Certain applications lend themselves to the transparency offered by blockchain, and one of those is affiliate marketing. Publishers promote products on their websites – it could be a book, clothing or a phone – and when a visitors clicks through and purchases the product on a partner site, the publisher earns a percentage of the sale. Price comparison sites are often heavy users of affiliate links. Tradedoubler, the 20-year old affiliate marketing company, plans to launch its blockchain on March 20th.
Affiliate marketing publishers are always suspicious that they aren’t fully credited with all the sales they source. Likewise, the advertiser or selling site is sometimes dubious about the source of the clicks. To date affiliate marketing companies provide tracking links and all the data is stored in their internal silos.
That changes on March 20th when Tradedoubler starts to use a blockchain to store data. The company says “transactional data will be accessible and fully transparent to eliminate fraud and enable the development of new functionalities around payments, reporting and attribution.”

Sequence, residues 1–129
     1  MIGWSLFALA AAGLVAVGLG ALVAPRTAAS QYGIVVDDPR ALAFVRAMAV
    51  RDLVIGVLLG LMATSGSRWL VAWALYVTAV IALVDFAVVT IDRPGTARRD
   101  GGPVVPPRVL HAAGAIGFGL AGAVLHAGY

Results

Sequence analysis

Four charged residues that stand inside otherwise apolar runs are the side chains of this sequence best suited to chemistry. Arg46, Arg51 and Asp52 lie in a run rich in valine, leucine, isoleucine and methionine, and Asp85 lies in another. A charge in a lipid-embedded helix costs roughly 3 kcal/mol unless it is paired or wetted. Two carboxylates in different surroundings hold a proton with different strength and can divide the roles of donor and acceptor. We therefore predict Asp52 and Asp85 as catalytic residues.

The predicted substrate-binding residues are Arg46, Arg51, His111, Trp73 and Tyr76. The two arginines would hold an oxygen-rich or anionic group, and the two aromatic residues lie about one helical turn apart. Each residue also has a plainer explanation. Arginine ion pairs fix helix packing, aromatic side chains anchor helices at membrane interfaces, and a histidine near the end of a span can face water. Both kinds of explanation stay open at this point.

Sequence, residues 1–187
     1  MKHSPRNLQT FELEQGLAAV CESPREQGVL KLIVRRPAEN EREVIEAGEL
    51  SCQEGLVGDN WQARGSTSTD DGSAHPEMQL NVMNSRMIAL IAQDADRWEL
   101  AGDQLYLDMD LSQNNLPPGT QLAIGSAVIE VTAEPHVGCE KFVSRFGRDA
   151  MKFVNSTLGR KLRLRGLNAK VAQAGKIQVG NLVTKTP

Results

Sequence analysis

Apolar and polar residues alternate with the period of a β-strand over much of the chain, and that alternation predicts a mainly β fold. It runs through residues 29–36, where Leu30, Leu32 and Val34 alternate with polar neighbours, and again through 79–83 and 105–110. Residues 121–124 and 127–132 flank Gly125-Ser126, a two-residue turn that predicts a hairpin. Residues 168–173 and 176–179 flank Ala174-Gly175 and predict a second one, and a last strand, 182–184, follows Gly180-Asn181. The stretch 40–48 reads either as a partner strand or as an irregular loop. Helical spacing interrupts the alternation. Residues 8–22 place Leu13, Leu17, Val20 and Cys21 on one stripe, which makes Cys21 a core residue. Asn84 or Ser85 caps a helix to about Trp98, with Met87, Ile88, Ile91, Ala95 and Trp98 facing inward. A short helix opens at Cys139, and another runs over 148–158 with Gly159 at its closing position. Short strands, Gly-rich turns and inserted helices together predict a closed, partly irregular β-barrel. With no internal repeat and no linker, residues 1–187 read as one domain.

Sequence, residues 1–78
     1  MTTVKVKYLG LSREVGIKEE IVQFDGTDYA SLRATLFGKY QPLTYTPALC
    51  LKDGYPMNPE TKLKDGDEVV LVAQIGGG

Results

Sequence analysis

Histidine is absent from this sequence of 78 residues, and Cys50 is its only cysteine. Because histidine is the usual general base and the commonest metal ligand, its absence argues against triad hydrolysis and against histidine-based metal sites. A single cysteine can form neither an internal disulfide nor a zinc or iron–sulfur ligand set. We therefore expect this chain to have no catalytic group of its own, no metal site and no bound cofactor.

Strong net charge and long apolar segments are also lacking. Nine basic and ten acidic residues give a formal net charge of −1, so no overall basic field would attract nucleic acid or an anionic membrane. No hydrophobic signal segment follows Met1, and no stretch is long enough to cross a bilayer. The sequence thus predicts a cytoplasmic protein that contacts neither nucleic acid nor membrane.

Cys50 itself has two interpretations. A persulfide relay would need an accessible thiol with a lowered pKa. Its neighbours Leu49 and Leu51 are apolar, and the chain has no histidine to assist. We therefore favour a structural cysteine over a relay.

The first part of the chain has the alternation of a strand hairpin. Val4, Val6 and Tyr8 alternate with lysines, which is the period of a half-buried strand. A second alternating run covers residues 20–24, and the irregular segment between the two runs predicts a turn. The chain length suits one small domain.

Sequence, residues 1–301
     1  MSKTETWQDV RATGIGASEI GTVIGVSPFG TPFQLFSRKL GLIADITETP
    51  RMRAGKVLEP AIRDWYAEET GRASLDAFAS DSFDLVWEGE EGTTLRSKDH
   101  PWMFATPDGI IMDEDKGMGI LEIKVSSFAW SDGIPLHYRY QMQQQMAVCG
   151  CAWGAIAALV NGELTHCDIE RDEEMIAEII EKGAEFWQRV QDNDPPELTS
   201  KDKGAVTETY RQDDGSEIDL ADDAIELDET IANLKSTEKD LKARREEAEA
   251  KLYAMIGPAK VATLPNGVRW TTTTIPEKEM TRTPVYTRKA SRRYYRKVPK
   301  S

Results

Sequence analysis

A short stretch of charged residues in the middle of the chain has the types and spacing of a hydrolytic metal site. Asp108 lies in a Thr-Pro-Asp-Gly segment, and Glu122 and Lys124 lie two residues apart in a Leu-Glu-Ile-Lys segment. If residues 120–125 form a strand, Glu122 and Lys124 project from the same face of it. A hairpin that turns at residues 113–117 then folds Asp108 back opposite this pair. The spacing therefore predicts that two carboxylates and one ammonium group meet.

The first aspect to launch is a new Publisher API which will enable publishers to integrate with internal systems or create mobile apps and other applications. The advertiser APIs will be developed in the second half of the year.
Back in 2007, AOL offered $900 million for Swedish Tradedoubler which has a significant presence in the UK and the rest of Europe. AOL failed to attract enough support from Tradedoubler shareholders and later withdrew the offer. At the time sales were growing rapidly. Tradedoubler has since matured and revenues are now pretty flat. At the end of last year, French company Reworld Media acquired Tradedoubler for EUR 13.8 million ($15.7 million).